• Lean Concepts: Eliminating waste to improve information and material flow
  • Lean Planning: Linking together annual and strategic goals with Lean activities to increase the success rate
  • Lean Tools: Techniques used to eliminate identified waste that is preventing a company from achieving the goals it outlined during Lean Planning.

But without a solid Lean culture, none of these other concepts will be appropriately effective. So, how is Lean culture nurtured?

Nurturing Lean culture involves tactfully modifying behaviors and verifying that the entire team understands and appreciates all job roles involved in achieving company goals. Employees at all levels, from the front lines to the C-suite, must also be empowered to voice their opinions, ask questions, share ideas and collaborate with others to solve problems. Successful Lean culture depends upon creating an atmosphere of respect and fostering open, ongoing communication.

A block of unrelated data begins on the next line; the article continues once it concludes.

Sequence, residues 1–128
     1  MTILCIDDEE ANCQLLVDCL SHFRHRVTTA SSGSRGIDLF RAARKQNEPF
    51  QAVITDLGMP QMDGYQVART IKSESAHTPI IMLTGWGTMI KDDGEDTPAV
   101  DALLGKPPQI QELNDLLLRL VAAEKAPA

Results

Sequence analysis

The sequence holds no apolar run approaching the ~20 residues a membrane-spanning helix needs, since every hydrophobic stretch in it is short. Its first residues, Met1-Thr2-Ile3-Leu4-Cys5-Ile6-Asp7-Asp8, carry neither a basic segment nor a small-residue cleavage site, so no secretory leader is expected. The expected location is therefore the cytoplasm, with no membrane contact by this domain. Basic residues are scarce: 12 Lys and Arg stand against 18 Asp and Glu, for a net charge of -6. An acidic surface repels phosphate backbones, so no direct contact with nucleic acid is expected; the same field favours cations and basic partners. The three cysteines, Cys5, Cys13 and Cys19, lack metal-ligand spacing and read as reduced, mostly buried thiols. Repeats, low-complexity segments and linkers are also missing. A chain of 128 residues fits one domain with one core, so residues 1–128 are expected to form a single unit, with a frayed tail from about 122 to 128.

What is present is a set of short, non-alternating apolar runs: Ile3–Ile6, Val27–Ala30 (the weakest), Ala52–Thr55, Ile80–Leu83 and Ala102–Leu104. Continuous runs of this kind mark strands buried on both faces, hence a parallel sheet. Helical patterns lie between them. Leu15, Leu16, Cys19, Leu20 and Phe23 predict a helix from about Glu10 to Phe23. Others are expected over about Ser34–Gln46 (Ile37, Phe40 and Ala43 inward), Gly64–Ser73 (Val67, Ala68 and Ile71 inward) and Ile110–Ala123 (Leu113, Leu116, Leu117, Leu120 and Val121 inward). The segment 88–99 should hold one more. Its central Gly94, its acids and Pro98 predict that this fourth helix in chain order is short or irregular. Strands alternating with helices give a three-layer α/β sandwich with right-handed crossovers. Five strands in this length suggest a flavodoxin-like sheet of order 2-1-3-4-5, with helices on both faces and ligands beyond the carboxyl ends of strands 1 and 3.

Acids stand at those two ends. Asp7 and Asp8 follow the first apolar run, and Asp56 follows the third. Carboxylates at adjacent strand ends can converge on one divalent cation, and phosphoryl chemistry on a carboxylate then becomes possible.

To set the stage for culture improvements, employees must also be fully aware of the Lean plan and how these concepts will be used to improve efficiency and problem-solving. In this way, all members, regardless of their department, are on the same page. With this process, it’s crucial to communicate in a way that stays true to Lean culture concepts and sets the tone for the rest of the facility.

Some effective ways to communicate include:

  • Encouraging Questions: Ask open-ended questions about problems and processes. Give team members opportunities to share their thoughts and experiences.
  • Listening Intently: Promote active listening. Really understand what team members are saying. Ask follow-up questions.